View Header


Office of the Press Secretary

For Immediate Release November 11, 2000
                        REMARKS BY THE PRESIDENT
                        AT WORLD WAR II MEMORIAL
                        GROUNDBREAKING CEREMONY

                             National Mall
                            Washington. D.C.

2:22 P.M. EST

THE PRESIDENT: Thank you very much. Secretary Cohen, thank you for your service. To the other members of the Cabinet and the administration, I thank you. General Woerner, thank you for your lifetime of service and your leadership of our Battlefield Monuments Commission. Ambassador Williams, thank you, and all the members of the World War II Memorial Committee. Archbishop Hannon, thank you for your prayers and your leadership in the war.

And to Captain Luther Smith of the Tuskegee Airmen -- he and told you his story, but I can't help noting that in telling you his story he was rather like a lot of World War II veterans, he left out a few things. He left out the Distinguished Flying Cross, seven air medals, the Purple Heart, and a POW medal. Like many of our soldiers in World War II, his bravery went unmentioned, but we are, nonetheless, profoundly grateful for it. (Applause.)

I'd like to thank Fred Smith, my friend of many years, for stepping up and helping to raise all this money. And also, my friend, Tom Hanks, who played Captain John Miller in "Saving Private Ryan," and is now making sure that America never forgets all the Private Ryans. We are grateful for him, as well. (Applause.)

I thank Congresswoman Marcy Kaptur, who recognized the vision of her constituent, Roger Durbin, introduced this legislation and has fought for it ever since. I can tell you as someone who has dealt with her for eight years, there is no more determined person in the United States Congress. I am only amazed that this memorial was not built in 1988, since she got behind it. Thank you, Marcy Kaptur, for what you are doing. (Applause.)

I thank the members of Congress who are here. Senator Thurmond once told me that he was the oldest man who took a glider into Normandy. I don't know what that means, 56 years later, but I'm grateful for all of the members of Congress, beginning with Senator Thurmond and all the others who are here, who never stopped serving their country.

But most of all, I want to say a thank-you to Bob Dole, and to Elizabeth for their service to America. (Applause.) As my tenure as President draws to a close, I have had, as you might imagine, an up and down relationship with Senator Dole. But I liked even the bad days. I always admired him. I was always profoundly grateful for his courage and heroism in war and 50 years of service in peace. After a rich and long life, he could well have done something else with his time in these last few years, but he has passionately worked for this day. And I am profoundly grateful. (Applause.)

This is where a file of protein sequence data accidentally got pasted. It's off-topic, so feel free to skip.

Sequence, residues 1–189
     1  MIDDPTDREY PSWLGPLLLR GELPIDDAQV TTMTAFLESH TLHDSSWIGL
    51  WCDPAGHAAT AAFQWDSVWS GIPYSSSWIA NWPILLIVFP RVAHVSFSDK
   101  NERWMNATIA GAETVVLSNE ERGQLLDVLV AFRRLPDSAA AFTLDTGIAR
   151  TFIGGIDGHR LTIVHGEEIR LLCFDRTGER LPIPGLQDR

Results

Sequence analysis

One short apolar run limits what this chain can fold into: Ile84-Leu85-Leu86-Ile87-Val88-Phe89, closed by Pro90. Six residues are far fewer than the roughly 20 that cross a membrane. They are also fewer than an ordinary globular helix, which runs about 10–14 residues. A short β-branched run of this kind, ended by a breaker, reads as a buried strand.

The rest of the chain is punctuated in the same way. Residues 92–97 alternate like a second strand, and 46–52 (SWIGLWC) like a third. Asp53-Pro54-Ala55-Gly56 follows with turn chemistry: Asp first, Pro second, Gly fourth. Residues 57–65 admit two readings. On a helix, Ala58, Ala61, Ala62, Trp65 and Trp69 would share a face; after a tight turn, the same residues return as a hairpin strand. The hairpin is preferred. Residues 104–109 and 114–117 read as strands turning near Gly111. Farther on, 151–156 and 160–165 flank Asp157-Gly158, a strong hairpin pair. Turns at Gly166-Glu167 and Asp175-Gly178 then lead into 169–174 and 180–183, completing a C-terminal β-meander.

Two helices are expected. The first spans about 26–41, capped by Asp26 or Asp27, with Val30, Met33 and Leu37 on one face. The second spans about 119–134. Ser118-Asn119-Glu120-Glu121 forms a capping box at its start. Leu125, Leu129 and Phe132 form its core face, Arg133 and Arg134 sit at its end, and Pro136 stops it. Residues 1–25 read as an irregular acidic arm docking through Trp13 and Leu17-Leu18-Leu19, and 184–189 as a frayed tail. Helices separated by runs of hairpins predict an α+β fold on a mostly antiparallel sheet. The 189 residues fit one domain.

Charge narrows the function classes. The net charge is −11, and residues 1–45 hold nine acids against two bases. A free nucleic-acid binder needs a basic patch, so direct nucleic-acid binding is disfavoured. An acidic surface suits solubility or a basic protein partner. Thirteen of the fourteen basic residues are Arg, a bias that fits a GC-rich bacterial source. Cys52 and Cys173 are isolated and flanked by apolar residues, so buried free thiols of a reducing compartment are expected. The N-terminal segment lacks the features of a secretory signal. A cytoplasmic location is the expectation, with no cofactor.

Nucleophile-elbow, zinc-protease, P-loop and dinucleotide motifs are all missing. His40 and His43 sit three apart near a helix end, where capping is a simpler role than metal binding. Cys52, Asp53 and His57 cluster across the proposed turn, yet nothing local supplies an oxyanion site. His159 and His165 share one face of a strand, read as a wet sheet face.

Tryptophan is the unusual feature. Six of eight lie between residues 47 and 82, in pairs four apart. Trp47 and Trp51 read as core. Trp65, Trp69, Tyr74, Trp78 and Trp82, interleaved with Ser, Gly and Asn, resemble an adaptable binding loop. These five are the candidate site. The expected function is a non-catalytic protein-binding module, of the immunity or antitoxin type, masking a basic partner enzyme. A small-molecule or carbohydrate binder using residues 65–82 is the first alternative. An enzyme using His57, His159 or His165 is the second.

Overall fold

I also want to thank the men and women and boys and girls all across our country who participated in this fundraising drive, taking this memorial from dream to reality. Their stories are eloquent testimony to its meaning. As Senator Dole and I were sitting up here watching the program unfold today, he told me an amazing story. He said, one day a man from eastern Pennsylvania called our office. He was a 73-year-old Armenian American, named Sarcus Secopias (phonetic). And he said, I'd like to make a contribution to this memorial; where do I mail my check? So he was given the address, and shortly after, this man's -- who was grateful for the opportunities America has given him -- check arrived in the office -- a check for $1 million. (Applause.)

But there were all the other checks, as well, amounting to $140 million in private contributions. There were contributions from those still too young to serve; indeed, far too young to remember the war. More than 1,100 schools across our nation have raised money for the memorial by collecting cans, holding bake sales, putting on dances.

Let me just tell you about one of them, Milwaukee High School in Milwaukee, Oregon. Five years ago, a teacher named Ken Buckles wanted to pay tribute to the World War II veterans. He and his students searched out local veterans and invited them to school for a living history day. Earlier this week, Living History Day 2000 honored more than 3,000 veterans, with a recreated USO show that filled the pro basketball arena. Last year's event raised $10,000 for the memorial, and students think that this year they'll raise even more.